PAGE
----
(84,258
)
 
(15,896
)
 
(100,123
)
 
(2,322
)
Accounts payable and accrued expenses
   
289,013
   
(92,197
)
 
(152,083
)
 
69,166
 
Accrued interest
   
(25,582
)
 
8,120
   
--
   
(25,582
)
Deferred compensation
   
(44,672
)
 
(13,999
)
 
--
   
(44,672
)
Net cash used in operating activities
   
(2,745,243
)
 
(1,218,910
)
 
(1,282,635
)
 
(545,132
)
                           
Investing activity
                         
Purchases of property and equipment
   
(690,548
)
 
(50,258
)
 
(561,462
)
 
(24,212
)
Net cash used in investing activity
   
(690,548
)
 
(50,258
)
 
(561,462
)
 
(24,212
)
                           
Financing activities
                         
Proceeds from notes payable to stockholders
   
--
   
175,000
   
--
   
--
 
Payment of notes payable to stockholders
   
--
   
(260,454
)
 
--
   
--
 
Net proceeds from issuance of common stock
   
3,518,278
   
4,912,799
   
2,875
   
2,997,906
 
Proceeds from note payable
   
--
   
--
   
556,361
   
--
 
Net cash provided by financing activities
   
3,518,278
   
4,827,345
   
559,236
   
2,997,906
 
                           
Net increase (decrease) in cash and cash equivalents
   
82,487
   
3,558,177
   
(1,284,861
)
 
2,428,562
 
Cash and cash equivalents at beginning of period
   
3,583,757
   
25,580
   
3,666,244
   
3,583,757
 
Cash and cash equivalents at end of period
 
$
3,666,244
 
$
3,583,757
 
$
2,381,383
 
$
6,012,319
 
Supplemental disclosure of non-cash financing activities
                         
Common stock and common stock options issued in connection with investment bank and related financing services
 
$
--
 
$
54,000
 
$
--
 
$
--
 
Supplemental disclosure of cash flow information
                         
Interest paid
 
$
26,024
 
$
4,757
 
$
1,160
 
$
--
 
                           
 
See accompanying notes.

 
F-6


Oragenics, Inc.

Notes to Financial Statements

December 31, 2004

1. Organization and Significant Accounting Policies

Oragenics, Inc. is dedicated to developing technologies associated with oral health, broad spectrum antibiotics and other general health benefits. The Company has licensed two unique technologies from the University of Florida: replacement therapy for the prevention of tooth decay and Mutacin 1140, a novel antibiotic. The Company has also developed a probiotics technology to provide protection against the causative organisms of periodontal disease and has licensed two related platform technologies that enable the simple, fast identification of gene targets associated with the natural onset and progression of infections, cancers and other diseases.

Basis of Presentation 

The financial statements of the Company have been prepared in accordance with accounting principles generally accepted in the United States including the assumption of a going concern basis which contemplates the realization of assets and the settlement of liabilities and commitments in the normal course of business. The Company incurred a net loss of $3,077,888 for the year ended December 31, 2004 and as of that date had an accumulated deficit of $5,471,984. Cash used in operations for the years ended December 31, 2004 and December 31, 2003 was $2,745,243 and $1,218,910, respectively, and cash flow from operations was negative throughout 2004. The Company expects to incur substantial expenditures to further develop each of its technologies. The Company believes the working capital at December 31, 2004 will be insufficient to meet the business objectives as presently structured. Management recognizes that the Company must generate additional capital resources or consider modifications to its technology development plans to enable it to continue as a going concern. Management’s plans include seeking financing, alliances or other partnership agreements with entities interested in the Company’s technologies, or other business transactions that would generate sufficient resources to assure continuation of the Company’s operations and research and development programs.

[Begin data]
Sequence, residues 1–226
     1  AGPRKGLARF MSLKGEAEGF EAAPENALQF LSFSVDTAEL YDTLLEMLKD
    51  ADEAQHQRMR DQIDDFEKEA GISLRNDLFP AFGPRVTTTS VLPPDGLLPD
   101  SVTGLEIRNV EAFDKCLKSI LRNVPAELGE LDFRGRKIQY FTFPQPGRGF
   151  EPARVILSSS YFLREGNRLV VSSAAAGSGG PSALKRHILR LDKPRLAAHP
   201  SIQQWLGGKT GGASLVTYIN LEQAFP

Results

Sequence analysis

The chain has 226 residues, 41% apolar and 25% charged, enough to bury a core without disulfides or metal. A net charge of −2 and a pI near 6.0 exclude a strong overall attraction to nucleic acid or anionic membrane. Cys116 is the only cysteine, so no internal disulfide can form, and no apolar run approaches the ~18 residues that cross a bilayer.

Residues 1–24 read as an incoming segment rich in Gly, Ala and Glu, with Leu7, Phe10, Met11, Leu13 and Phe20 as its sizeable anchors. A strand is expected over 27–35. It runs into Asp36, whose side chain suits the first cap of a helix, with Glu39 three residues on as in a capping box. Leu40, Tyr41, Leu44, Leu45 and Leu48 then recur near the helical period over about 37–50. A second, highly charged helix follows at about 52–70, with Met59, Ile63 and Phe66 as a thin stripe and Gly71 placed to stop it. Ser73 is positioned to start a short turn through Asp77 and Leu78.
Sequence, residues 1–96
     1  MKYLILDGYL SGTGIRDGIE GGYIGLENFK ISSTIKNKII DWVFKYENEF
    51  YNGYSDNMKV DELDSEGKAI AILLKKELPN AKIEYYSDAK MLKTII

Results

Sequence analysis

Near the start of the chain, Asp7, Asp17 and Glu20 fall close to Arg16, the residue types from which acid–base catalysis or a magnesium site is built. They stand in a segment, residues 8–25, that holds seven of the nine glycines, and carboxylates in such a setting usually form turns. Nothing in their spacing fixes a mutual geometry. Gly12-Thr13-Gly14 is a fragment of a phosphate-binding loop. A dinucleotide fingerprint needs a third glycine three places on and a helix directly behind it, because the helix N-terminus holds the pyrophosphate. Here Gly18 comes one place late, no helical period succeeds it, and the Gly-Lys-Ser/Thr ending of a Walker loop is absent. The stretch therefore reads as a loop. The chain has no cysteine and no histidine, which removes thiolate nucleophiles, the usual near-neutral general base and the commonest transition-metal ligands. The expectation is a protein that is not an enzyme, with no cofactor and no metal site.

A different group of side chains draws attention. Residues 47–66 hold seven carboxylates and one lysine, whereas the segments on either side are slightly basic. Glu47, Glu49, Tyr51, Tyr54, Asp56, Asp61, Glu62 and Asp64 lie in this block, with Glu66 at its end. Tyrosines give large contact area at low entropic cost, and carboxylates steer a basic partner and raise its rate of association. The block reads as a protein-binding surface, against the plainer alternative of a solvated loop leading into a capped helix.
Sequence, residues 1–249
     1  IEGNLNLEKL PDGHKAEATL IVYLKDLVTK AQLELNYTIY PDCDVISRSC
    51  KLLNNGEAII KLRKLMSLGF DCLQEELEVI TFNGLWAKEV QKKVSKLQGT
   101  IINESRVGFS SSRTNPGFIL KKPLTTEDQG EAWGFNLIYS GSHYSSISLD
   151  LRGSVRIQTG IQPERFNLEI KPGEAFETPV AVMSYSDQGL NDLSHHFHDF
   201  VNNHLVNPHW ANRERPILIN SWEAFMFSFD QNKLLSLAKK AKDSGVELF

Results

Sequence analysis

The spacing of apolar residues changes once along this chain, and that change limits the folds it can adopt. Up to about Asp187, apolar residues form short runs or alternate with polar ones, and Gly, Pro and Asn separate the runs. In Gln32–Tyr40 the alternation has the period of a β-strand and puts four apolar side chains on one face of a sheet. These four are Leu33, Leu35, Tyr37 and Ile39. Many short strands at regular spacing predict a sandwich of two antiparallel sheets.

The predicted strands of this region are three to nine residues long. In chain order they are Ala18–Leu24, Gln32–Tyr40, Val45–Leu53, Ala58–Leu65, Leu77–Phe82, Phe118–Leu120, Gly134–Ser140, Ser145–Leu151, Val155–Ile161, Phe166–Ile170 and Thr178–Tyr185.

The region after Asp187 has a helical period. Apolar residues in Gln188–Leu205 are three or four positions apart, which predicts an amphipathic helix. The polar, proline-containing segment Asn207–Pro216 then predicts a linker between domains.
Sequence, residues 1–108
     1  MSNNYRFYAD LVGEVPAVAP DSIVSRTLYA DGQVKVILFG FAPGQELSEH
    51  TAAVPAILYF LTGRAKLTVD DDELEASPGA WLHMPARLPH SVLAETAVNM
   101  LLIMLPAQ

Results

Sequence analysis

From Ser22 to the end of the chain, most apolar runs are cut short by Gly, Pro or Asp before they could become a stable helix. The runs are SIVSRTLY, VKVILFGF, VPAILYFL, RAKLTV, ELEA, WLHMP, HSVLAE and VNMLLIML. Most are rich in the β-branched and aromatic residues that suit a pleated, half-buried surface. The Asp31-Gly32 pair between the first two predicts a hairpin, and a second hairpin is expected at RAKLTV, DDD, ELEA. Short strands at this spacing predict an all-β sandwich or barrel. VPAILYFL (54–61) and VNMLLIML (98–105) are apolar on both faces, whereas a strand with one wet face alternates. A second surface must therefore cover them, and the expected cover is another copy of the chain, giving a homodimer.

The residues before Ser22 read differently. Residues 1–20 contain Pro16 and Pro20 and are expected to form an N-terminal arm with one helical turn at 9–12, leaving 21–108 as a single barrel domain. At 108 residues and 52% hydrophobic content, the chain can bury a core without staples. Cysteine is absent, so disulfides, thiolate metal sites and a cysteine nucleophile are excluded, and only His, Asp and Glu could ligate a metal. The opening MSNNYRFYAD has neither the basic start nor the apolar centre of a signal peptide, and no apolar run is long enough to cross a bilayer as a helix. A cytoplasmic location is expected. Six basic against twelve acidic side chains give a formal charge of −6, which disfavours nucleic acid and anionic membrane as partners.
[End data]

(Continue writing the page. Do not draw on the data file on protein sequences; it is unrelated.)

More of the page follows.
The Company intends to seek additional funding through sublicensing arrangements, joint venturing or partnering, sales of rights to technology, government grants and public or private financings. During 2004 the Company conducted a private placement to raise capital. During 2005 the Company expects to raise additional capital through selling additional debt or equity securities on terms acceptable to the Company. There can be no assurance that additional financing will be available to the Company on acceptable terms, or at all. The Company’s future success depends on its ability to raise capital and ultimately generate revenue and attain profitability. The Company cannot be certain that additional capital, whether through selling additional debt or equity securities or obtaining a line of credit or other loan, will be available to it or, if available, will be on terms acceptable to the Company. If the Company issues additional securities to raise funds, these securities may have rights, preferences, or privileges senior to those of its common stock, and the Company’s current stockholders may experience dilution. If the Company is unable to obtain funds when needed or on acceptable terms, the Company may be required to curtail their current development programs, cut operating costs and forego future development and other opportunities. Without sufficient capital to fund their operations, the Company will be unable to continue as a going concern. The accompanying financial statements do not include any adjustments that might result from the outcome of this uncertainty.